Skip to main content

Dallas and the Orpheus mosaic

Orpheus mosaic
source: DMA
The decision by the Dallas Museum of Art to return the Orpheus mosaic, purchased at Christie's in 1999 (December 9, 1999, lot 388), raises some important issues. It appears that the mosaic was photographed in situ by those removing it from a site near Urfa in Turkey. This recalls an ancient art consultant telling me, c. 1990, of mosaics from exactly this region being documented exactly in this way prior to being shipped to the US where they could be inspected. The photographs in the case of Orpheus were printed in Sanliurfa (Urfa).

John Healey, who published the inscriptions on the mosaic in 2006, was convinced that the Orpheus mosaic came from the series known from Edessa (Urfa). He noted that the inscription provides a date of April 194 BC.

It should be noted that the frieze of the mosaic was not retained with the mosaic and was presumably detached by the looters. This again reminds us of the deliberate damaging and defacing of ancient art in the cause of supplying new material for the market.

Orpheus mosaic photographed in situ
The decision to return the mosaic as part of a collaborative programme with Turkey is likely to set a precedent for that country's claims on cultural property in North American museums. It will undoubtedly put pressure on the Cleveland Museum of Art and Shelby White to return their bronzes apparently removed from Bubon, as well as holders of Byzantine silver plate.

Reference
Healey, J. F. 2006. "A new Syriac mosaic inscription." Journal of Semitic Studies 51: 313-27 [DOI].

Bookmark and Share so Your Real Friends Know that You Know

Comments

Popular posts from this blog

Marble bull's head from the temple of Eshmun

Excavations at the temple of Eshmun in Lebanon recovered a marble bull's head. It is now suggested that it was this head, apparently first published in 1967, that was placed on loan to New York's Metropolitan Museum of Art (Tom Mashberg, "Met Museum Turns Over Another Relic With Disputed Past to Prosecutors", New York Times August 1, 2017 ). The head is reported to have been handed over to the Manhattan district attorney after a request was received from the Lebanese authorities.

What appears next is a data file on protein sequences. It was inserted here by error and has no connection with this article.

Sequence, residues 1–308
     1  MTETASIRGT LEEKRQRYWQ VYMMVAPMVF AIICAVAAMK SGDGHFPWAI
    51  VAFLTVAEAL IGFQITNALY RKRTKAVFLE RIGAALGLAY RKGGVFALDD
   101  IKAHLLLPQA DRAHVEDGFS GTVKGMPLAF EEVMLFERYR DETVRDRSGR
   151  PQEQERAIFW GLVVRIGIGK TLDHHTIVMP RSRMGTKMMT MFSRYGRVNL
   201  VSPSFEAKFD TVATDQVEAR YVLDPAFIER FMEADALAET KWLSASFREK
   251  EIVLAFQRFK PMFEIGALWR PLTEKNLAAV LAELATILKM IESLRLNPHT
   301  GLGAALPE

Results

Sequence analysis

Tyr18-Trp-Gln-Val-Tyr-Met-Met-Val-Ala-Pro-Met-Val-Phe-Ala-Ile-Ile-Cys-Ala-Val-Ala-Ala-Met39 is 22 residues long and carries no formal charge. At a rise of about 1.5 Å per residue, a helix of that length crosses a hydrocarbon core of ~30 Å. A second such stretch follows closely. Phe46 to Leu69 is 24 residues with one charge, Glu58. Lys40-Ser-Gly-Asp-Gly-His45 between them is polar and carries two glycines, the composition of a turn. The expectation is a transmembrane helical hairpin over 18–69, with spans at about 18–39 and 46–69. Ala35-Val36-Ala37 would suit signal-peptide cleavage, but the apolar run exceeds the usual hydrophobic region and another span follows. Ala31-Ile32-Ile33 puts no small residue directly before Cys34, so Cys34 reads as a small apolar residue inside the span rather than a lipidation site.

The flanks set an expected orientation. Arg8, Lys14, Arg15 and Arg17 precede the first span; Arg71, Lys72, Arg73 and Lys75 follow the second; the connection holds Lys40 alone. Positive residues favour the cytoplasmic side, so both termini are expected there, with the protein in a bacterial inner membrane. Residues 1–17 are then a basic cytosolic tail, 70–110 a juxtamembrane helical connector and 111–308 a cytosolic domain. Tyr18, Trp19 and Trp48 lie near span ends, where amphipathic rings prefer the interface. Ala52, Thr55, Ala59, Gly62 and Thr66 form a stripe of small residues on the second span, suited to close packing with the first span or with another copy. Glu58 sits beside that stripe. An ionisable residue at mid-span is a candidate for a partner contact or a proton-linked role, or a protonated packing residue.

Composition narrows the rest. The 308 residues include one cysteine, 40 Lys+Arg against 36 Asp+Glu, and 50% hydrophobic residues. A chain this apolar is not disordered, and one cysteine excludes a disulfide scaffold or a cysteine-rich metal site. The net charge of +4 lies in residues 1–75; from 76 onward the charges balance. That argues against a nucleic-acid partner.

It is suggested that the head may have been looted from an archaeological storage area at Byblos in the 1980s during the Lebanese civil war. Mashberg has rehearsed the recent collecting history:
The owners of the bull’s head, Lynda and William Beierwaltes of Colorado, say they have clear title to the item and have sued Manhattan prosecutors for its return.  The Beierwaltes bought the head from a dealer in London in 1996 for more than $1 million and then sold it to another collector, Michael …

Mithras relief from Tor Cervara

A fragmentary relief of Mithras was discovered in 1964 at Tor Cervara on the outskirts of Rome. It was acquired by the Museo Nazionale Romano.

A further fragment of the relief was acquired by the Badisches Landesmueum in Kalrsruhe in 1976. The source was an unstated Swiss dealer. This fragment has been reunited with the rest of the relief [press release].

Today a further fragment of the relief was reunited with the other pieces. This had been recovered during a raid in Sardinia.

The Toledo skyphos and a Swiss private collection

The Attic red-figured skyphos attributed to the Kleophon painter in the Toledo Museum of Art (inv. 1982.88) is now coming under further scrutiny following the research of Dr Christos Tsirogiannis. The skyphos shows Hephaistos returning to Olympos.

Tsirogiannis has identified what appears to be this skyphos in five photographs in the Medici Dossier. The museum acknowledged that the skyphos had resided in a 'private Swiss collection'. Tsirogiannis suggests that this is probably a reference to Medici.

Enquiries to the museum by Tsirogiannis elicited the information that the skyphos had been acquired from Nicholas Koutoulakis (although that information does not appear on the museum's online catalogue).

The curatorial team at the Toledo Museum of Art will, no doubt, be contacting the Italian authorities to discuss the future residence of the skyphos.

For further discussion of the Toledo Museum of Art on LM see here.

Reference
Tsirogiannis, C. 2017. "Nekyia: Museum ethics an…